On last week’s Supervisor call, we discussed practices on how to make safety relevant and intentional. For most of us on reading this article, we think of safety on a larger scale. How many accidents did we have in a month or a year? What is our EMR? What is our incident and severity rate? How much do accidents cost? But for an hourly employee, these can be intangible pieces of information. Ford Stinson, the District Manager in Shreveport, spoke about how his district makes safety relevant and intentional with his hourly employees by using a mix of ownership, information retention, accountability and incentive.
lunchMonday Morning Safety Topic
One of the practices in place is an attempt to add as much value as possible during the Monday morning safety topic. Employees are asked questions concerning the topic and individuals are selected to define and give examples of SQE. In many districts, like Florida, different employees are asked to actually present the safety topic to the rest of the district. These practices are all efforts to increase the retention of information for the employees, create an ownership of safety and present SQE via different employees.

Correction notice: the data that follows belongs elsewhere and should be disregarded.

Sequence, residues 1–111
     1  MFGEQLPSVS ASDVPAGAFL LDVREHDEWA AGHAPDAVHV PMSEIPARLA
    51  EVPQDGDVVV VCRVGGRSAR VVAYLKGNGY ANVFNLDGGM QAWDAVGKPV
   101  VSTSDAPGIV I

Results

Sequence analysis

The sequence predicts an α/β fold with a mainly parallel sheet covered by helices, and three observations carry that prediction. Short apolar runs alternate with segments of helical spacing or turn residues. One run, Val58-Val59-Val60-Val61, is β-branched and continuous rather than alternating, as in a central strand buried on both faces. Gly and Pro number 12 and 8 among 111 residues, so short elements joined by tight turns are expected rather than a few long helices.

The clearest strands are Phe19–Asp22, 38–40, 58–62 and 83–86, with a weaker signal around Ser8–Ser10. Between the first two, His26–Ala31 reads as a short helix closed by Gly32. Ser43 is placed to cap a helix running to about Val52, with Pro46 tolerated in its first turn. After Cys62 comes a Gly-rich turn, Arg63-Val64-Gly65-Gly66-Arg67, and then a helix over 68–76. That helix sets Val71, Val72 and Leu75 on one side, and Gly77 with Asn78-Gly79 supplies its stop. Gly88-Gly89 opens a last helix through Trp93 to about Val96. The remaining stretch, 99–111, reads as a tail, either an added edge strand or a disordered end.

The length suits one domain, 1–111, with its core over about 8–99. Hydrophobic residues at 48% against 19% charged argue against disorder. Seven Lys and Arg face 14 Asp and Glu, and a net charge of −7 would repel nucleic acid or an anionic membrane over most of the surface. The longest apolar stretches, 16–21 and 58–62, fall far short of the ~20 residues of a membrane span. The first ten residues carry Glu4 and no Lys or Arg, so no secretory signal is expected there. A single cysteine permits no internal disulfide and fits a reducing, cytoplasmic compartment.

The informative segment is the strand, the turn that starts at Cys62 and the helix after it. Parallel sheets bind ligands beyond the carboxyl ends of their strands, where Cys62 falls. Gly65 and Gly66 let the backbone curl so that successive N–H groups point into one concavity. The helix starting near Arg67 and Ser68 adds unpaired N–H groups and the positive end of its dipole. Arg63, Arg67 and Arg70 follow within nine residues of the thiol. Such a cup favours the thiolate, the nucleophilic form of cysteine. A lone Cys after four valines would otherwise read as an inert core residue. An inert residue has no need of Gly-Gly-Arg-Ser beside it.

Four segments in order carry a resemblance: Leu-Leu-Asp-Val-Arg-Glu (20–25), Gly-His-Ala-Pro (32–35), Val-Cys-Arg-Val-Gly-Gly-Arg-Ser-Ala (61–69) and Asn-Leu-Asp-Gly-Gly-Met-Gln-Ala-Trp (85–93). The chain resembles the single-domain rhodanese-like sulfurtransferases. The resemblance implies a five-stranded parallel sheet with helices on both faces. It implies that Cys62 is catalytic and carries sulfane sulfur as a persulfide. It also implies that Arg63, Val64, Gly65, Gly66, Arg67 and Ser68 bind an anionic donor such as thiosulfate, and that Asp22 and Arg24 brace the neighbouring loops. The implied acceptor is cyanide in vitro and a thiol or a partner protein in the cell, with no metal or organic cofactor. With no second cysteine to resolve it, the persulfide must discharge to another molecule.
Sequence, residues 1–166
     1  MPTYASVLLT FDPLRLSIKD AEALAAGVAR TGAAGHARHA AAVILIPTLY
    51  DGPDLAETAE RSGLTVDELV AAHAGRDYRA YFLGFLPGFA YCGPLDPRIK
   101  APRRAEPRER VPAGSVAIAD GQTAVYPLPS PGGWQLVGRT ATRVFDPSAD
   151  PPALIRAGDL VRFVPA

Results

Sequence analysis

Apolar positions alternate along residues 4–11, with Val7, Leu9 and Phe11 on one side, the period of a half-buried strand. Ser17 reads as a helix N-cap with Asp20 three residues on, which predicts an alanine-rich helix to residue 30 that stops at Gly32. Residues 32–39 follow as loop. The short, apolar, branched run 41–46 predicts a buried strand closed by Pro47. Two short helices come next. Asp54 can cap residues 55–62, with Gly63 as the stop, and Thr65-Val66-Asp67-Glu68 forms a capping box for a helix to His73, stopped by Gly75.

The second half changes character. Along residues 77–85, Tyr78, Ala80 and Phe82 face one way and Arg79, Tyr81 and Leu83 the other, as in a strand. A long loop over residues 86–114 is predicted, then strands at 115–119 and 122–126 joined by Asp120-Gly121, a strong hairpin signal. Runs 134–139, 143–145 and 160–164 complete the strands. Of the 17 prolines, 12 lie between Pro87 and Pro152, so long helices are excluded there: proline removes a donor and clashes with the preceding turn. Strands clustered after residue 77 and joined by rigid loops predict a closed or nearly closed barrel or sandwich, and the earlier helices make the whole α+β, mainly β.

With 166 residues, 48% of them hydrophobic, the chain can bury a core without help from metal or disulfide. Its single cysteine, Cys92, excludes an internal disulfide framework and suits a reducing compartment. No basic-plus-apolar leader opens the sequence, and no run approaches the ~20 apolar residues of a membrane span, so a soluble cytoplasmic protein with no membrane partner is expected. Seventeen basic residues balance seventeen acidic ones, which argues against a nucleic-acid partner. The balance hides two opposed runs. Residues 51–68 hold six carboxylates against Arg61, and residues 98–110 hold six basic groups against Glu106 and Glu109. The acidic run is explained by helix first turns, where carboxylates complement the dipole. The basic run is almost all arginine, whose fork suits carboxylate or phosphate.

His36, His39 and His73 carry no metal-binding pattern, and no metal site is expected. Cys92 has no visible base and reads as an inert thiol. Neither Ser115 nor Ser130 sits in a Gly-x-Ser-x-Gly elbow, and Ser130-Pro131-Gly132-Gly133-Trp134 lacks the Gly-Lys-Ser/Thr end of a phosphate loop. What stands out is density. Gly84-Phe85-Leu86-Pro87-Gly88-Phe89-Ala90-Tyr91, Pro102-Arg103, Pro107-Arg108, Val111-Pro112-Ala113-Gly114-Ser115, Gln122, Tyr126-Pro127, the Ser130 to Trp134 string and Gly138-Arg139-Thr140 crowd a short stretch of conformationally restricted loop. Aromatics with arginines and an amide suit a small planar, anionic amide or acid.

Incentive and Discipline
As we mentioned earlier, it’s difficult for an hourly employee to think about safety on a large scale, so how do we make it relevant? Edko has changed its incentive program from a year-end safety bonus to a gift card-based program to create instant gratification for observations of good, safe work practices. Ford has taken this concept to a different level. If his crews can make it a whole month without an accident, his supervisors have a cookout (burgers, fish fry, etc.,) making district safety a collective effort, not just an individual effort. In contrast, if an unreported accident is discovered, the employee is immediately terminated. As a result, his employees have been more forthcoming with any and all types of incidents (small scrapes, cuts, scratches on vehicles,) and to date, are still accident free.
The thoughts being presented in this article are certainly not being suggested as a one-size-fits-all solution for all of our districts, but what this information should do is stir up thoughts to improve communication and safety within your district.